Remember that $700 billion Troubled Asset Recovery Program? It turns out that plenty of assets are still troubled, and there's been very little recovery of them. But many of the big banks that took TARP money from the government have been able to pay it back.
And the reason they did is simple. Their top people want to make more money, and it doesn't help Washington if TARP bank executives are taking millions from taxpayers a year after they nearly brought the world financial system to its knees. A recent Bloomberg News poll shows that 66% of Americans have an unfavorable view of financial executives, and 75% think they shouldn't get bonuses.
This brings to mind Citigroup (C), which got $45 billion in TARP funding -- $25 billion of which the U.S. has converted into common shares, according to BusinessWeek -- and another $301 billion in government guarantees against losses from bad mortgages. Citi had to sell its Phibro oil-trading unit so it could avoid the firestorm that would have ensued if it had paid Andrew Hall, Phibro's top trader, the $100 million bonus he was due to collect.
Citi wants to make those kinds of bonus payments without the annoyance of responding to public rage. So it's eager to find a way to throw back the remaining $20 billion TARP funds to the government. But CEO Vikram Pandit has had his troubles with FDIC Chair Sheila Bair, who wanted to see him replaced. And the U.S. isn't going to let Citi out of TARP without coming up with a way of dealing with those $301 billion in sick assets, according to BusinessWeek.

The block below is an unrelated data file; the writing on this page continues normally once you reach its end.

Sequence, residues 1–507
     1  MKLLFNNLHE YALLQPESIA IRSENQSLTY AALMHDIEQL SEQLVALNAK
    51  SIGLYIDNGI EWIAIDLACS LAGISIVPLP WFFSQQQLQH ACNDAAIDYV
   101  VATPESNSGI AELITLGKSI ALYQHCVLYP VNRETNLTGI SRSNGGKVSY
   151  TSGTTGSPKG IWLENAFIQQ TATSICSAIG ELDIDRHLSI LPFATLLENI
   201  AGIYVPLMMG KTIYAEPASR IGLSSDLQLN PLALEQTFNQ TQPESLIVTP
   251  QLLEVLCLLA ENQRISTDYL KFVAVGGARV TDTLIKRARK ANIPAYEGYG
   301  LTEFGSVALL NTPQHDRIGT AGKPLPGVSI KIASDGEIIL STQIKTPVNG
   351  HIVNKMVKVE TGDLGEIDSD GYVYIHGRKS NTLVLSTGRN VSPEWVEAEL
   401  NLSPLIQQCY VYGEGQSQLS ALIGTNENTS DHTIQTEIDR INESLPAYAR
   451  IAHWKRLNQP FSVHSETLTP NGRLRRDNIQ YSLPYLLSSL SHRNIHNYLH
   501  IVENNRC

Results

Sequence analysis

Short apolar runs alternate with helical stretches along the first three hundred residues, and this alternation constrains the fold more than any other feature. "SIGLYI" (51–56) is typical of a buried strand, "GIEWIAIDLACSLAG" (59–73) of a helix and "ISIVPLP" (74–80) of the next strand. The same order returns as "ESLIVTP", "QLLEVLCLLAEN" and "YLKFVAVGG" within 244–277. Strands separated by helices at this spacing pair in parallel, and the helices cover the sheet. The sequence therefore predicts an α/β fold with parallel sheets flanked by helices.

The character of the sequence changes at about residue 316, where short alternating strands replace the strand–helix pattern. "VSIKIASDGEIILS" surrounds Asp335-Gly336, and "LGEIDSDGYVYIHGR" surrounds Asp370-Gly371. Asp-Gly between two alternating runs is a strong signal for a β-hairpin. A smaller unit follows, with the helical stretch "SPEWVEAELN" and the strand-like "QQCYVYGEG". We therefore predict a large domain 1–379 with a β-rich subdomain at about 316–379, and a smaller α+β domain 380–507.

"People Will Think It's a Great Deal"
And this brings us to the key thing that Citi would need to do to escape the government yoke. It needs to raise capital, because what it has seems to be declining. It stood at 11% of assets on Dec. 9 after raising new money and repaying TARP. BusinessWeek reports that's down from 12.5% on Sept. 30.
So the answer for Citi appears to be raising about $20 billion in new capital from investors. That funding could come in the form of $10 billion in equity and $10 billion of other securities. At about $4 a share, Citi is trading at a significant discount to the assets on its books. And one analyst told BusinessWeek: "People will think it's a great deal."
Problem is, the books are probably wildly optimistic. Citi hold many complex assets with the potential for becoming toxic. And don't forget the assets off Citi's books -- called special purpose entities (SPEs), which helped wipe out Enron. Citi has $996.6 billion worth of SPEs. I'm not sure we can be confident that these will not blow up -- particularly considering that they consist of highly risky paper from student loans, subprime mortgages and credit card receivables.
Considering the troubled assets Citi is holding that have yet to recover, if the U.S. lets it sucker some investors into buying equity so it can pay back the $20 billion TARP -- and go back to the days of high risk and huge bonuses -- taxpayers will end up being saddled with a bigger bill further down the road.